People who have diabetes mellitus should be very concerned about their feet. The most common complications of diabetes are from damage to the eyes, kidney and the feet. Almost everyone knows someone who has had a disastrous complication of the foot because of diabetes. While diabetes is the most common disease resulting in amputation, amputation is actually fairly rare when considering the number of people with diabetes. Careful foot care, aggressive treatment of blood sugar levels, and smoking cessation will usually help prevent this.
The increased sugar concentration in the blood of people with diabetes damages nerves. The longest nerves are damaged first and these happen to be the ones to the foot. The result is numbness, changes in circulation, muscle weakness, skin rashes and stiffness of the toes.
There are two reasons that the nerves are damaged. First, glucose can actually attach to the all proteins in the body including those that are in nerves. Most proteins in the body have a limited lifespan. They are continually produced and broken down. The proteins that do not turn over rapidly or are made of certain reactive amino acids can have enough glucose attached to them to impair their function. Proteins in the nerve membranes that control the electrical impulses of the nerves seem to be prone to this damage. Second, the increased glucose concentration promotes the production of certain toxins within the nerve cells that hamper their ability to generate energy.
Diabetes can also accelerate hardening of the arteries or arteriosclerosis. This causes the arterial circulation of the foot to decrease, eventually starving the foot of food and oxygen. When the loss of circulation is combined with the numbness, the foot becomes prone to injury and these injuries are much more difficult to coax into healing. Problems that occur in people with diabetes include painful neuropathy, stress injuries, ulceration, and infection.
Painful neuropathy or pain from the sick nerves is generally perceived as burning, aching, or a tight feeling in the feet. It is often more intense at night and can be severe enough to require medication. Initially, anti-inflammatory medications such as naproxen (Aleve) and ibuprofen (Advil, Motrin) and other over-the-counter pain medications such as acetaminophen (Tylenol) can help these symptoms. Lotions such as capsaicin (Zostrix) can also be applied and give relief. When beginning treatment with this lotion, burning is often noted, but generally resolves with the first few days of application. Other prescription medication such as gabapentin (Neurontin), duloxetine (Cymbalta), pregabalin (Lyrica) and topiramate (Topamax) are also effective in more severe cases, but have more side effects. Perhaps the most effective method of addressing these symptoms is careful control of the diabetes through effective medication and monitoring serum glucose level at home with the help of your primary care physician.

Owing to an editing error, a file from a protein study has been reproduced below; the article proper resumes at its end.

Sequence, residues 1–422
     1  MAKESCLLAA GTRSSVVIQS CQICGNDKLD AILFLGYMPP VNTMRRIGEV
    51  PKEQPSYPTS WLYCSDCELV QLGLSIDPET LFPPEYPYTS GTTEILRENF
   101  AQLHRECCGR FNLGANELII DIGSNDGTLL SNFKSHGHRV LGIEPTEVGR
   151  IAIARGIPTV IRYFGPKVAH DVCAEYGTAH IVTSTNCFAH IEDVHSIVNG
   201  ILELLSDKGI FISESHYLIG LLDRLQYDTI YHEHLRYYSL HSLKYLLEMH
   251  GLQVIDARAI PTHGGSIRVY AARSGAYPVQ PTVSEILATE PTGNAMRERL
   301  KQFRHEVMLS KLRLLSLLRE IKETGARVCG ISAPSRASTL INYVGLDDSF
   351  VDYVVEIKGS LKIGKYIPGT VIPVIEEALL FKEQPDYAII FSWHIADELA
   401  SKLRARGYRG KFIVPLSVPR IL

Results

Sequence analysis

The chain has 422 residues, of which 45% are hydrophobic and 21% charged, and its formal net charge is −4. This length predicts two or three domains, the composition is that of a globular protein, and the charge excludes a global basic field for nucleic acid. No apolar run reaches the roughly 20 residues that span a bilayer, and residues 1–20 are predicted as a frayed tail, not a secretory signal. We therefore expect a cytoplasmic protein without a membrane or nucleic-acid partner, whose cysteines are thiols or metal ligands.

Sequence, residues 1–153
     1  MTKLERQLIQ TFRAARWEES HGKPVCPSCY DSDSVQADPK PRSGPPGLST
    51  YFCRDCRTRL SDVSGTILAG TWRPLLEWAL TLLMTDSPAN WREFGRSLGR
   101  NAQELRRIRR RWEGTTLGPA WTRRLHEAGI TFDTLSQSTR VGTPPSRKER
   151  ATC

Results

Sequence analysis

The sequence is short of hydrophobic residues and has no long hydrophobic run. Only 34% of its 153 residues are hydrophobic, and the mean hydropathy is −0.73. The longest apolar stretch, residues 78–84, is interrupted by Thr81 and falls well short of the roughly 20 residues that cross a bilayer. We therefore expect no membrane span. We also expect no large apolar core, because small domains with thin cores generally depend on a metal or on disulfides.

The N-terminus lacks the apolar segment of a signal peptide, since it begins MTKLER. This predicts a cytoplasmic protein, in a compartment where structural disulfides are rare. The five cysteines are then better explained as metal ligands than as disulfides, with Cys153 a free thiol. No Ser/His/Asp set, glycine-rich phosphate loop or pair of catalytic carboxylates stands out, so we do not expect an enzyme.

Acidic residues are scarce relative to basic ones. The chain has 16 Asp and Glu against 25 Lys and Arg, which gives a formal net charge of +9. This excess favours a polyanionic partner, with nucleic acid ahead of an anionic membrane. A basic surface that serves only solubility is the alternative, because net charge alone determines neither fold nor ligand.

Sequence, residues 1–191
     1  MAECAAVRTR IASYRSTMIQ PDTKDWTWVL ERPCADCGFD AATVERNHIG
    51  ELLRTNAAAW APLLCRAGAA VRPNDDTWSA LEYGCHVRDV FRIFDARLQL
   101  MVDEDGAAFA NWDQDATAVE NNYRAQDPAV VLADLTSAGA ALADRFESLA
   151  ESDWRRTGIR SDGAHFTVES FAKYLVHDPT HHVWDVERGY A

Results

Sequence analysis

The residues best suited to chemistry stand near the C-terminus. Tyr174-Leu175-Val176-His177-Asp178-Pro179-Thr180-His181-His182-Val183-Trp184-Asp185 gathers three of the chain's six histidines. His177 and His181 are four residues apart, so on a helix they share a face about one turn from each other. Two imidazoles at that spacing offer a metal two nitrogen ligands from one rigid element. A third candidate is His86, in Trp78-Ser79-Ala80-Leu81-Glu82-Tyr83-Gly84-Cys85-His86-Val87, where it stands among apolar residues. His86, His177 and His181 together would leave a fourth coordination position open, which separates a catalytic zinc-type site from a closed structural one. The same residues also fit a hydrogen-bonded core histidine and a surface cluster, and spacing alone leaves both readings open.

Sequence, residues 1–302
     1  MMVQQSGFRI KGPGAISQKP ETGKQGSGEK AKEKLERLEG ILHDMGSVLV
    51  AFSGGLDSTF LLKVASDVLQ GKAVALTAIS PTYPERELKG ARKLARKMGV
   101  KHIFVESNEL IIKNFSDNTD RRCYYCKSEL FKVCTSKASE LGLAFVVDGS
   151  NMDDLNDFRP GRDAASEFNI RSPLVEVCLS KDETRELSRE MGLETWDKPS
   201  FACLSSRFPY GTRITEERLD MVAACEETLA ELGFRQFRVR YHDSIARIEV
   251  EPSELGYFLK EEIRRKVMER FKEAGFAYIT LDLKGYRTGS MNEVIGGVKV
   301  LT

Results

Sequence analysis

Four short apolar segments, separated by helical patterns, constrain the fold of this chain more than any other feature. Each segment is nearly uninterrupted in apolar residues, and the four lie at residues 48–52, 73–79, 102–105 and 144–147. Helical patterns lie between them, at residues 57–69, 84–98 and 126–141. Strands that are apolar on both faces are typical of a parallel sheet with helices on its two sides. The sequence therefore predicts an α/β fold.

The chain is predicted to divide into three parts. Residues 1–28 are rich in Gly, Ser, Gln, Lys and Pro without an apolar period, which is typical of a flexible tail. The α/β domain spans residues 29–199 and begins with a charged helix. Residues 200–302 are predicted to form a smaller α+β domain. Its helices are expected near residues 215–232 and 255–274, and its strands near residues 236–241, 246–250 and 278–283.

Stress injuries, otherwise known as diabetic arthropathy or Charcot arthropathy, are sometimes sustained by people with diabetic nerve damage. The initial symptoms are unusual swelling, redness, and pain. It is often confused with infection. A simple “sprain” is not simple in someone with diabetes. If you experience any of these symptoms, an orthopedist, podiatrist, or other physician should evaluate you immediately. This injury can lead to foot deformities so severe that they require surgery, because the deformity may make wearing normal shoes impossible without injuring the foot. The treatment is protection, immobilization, and/or prolonged restriction of weight bearing using cast, crutches or a walker for as long as six months. Surgery is occasionally necessary.
Ulceration is caused by repetitive or prolonged pressure on a portion of the skin. The pressure can impair the circulation until it the skin dies. Often pressure from a bone underneath the skin combined with age-related thinning of the protective skin causes it, but prolonged pressure to the back of the heel can also cause pressure this great just by resting the foot on a hard surface. A person with diabetic nerve damage should never elevate their leg on a table or other hard surface for a prolonged period of time or use heating pads on their feet. The break in the skin can lead to infection of the deep structures if left untreated. Early signs of a possible ulceration are a heavy callus, blue, black or purple patch (caused by bleeding underneath the skin), or a blister. If you have an ulceration or any of these other warning signs, you should be under a doctor’s supervision until the ulcer is completely healed.
-Brett Fink, MD, Indiana Orthopedic Center, Indianapolis, IN, (317) 588-2663, co-author of The Whole Foot Book, A Complete Program for Taking Care of Your Feet.